Although he began painting as early as 1994, his most successful works were produced from 1998 onward. Fifteen have sold for more than $25,000, of which eight were sold between 2012 and 2015. Nevertheless, his results are skewed by the spectacular $156,000 paid for Body Marks 2001, at Sotheby’s in July 2007 (Lot 94), which was by far and away the artist’s most impressive result to date.
All of the paintings that occupy his top ten results were created between 1998 and 2002, the year he passed away. Prince of Wales's paintings rose in value on both the primary and secondary markets immediately following his winning the Telstra general painting award in 2001; his late career works, particularly those painted on a large scale, have commanded escalating prices since that time. The record price more than doubled the high estimate of $70,000 at Sotheby’s July sale (Lot 94) despite this having been the highest presale estimate ever placed on one of his works prior to 2018 when his second highest price was was achieved in Sotheby's March London sale. That major painting measuring 187 x 146 cm was estimated at GBP40,000 - 50,000 and sold at the high estimate (equivalent to $AUD88,615).
Prince's third highest record ($61,000) was set at the Laverty auction at Bonham's in 2013. His fourth was far more conservative for a work measuring 223 x 132 cm. Body Marks 1999 sold in 2011 at Deutscher and Hackett's June sale (Lot 28). It was a reversed version of the work that won him the general painting prize in the 2001 Telstra Award. White dots jump out against a dark blue background. The colours are deep, and subtle and it is only by looking closer into the depth of the blue that black dots, layered on the background, become apparent. There is a sense of unity and harmony in both paintings, which is a hallmark of the best of this artist’s works.
2008 was not a good year for the artist at auction, with two works carrying estimates of $20,000-30,000 in Sotheby’s October sale failing to attract buyers (Lots 120 and 121). Of three paintings on offer that year only the small 55 x 55 cm. Body Marks 1999 sold in its estimated mid range at Joel Fine Art (Lot 200). With such small numbers presented at auction, this resulted in his overall clearance rate dropping from 91% to 84%. It resulted in his falling from 42nd to 46th ranked artist in the history of the movement. In 2012 seven of the eight works on offer sold with three paintings entering his top ten results at 3rd 6th and 7th places in his career standings. This saw his career success rate rise to 88% during a year in which he was the 14th most successful artist. 2015 was his best year for some time. Three works entered his top ten results at 7th, 8th and 9th. Nothing notable occured thereafter until 2019 when a work measuring 160 x 120 cm entered his top then results having sold for $AUD32,000 at Sotheby's in New York.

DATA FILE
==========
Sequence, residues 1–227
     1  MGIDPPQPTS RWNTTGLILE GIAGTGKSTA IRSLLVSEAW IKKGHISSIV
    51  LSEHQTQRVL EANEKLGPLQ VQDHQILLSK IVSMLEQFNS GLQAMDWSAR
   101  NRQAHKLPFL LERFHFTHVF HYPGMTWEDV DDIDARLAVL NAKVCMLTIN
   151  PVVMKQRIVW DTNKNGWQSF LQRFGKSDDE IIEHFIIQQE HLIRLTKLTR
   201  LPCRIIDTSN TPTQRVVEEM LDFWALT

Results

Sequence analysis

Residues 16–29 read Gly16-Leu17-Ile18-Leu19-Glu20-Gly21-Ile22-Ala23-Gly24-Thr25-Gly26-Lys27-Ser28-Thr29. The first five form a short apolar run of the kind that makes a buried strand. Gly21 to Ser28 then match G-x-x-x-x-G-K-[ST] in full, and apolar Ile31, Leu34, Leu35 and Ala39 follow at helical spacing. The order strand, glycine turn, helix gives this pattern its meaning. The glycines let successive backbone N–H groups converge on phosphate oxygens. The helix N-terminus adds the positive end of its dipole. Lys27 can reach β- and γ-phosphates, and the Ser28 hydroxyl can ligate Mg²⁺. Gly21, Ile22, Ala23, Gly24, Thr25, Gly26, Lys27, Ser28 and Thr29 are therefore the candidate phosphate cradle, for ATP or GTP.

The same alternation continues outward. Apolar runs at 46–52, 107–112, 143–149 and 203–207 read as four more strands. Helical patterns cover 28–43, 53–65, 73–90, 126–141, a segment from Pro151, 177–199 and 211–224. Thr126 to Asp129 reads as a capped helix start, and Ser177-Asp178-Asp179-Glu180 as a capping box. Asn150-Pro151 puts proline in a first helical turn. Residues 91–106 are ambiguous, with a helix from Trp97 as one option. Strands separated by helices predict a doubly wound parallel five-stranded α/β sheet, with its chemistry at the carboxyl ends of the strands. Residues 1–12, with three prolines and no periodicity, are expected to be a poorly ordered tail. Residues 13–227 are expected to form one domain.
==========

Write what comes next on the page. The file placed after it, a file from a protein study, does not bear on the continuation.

There is no doubt that major paintings by this artist, whose career was cut short just as his success had ignited intense interest in his art, will increasingly attract interest from informed collectors, with consequent growing prices. His two highest records are held by works that are by far the largest of his paintings ever presented for sale and this can be seen as part of a trend by serious collectors to pay a premium for important works that are strictly limited in availability. Works by Prince of Wales, despite their deep cultural significance, fit perfectly into the contemporary aesthetic. Expect them to escalate in value steadily thereby rewarding their collectors both visually and financially.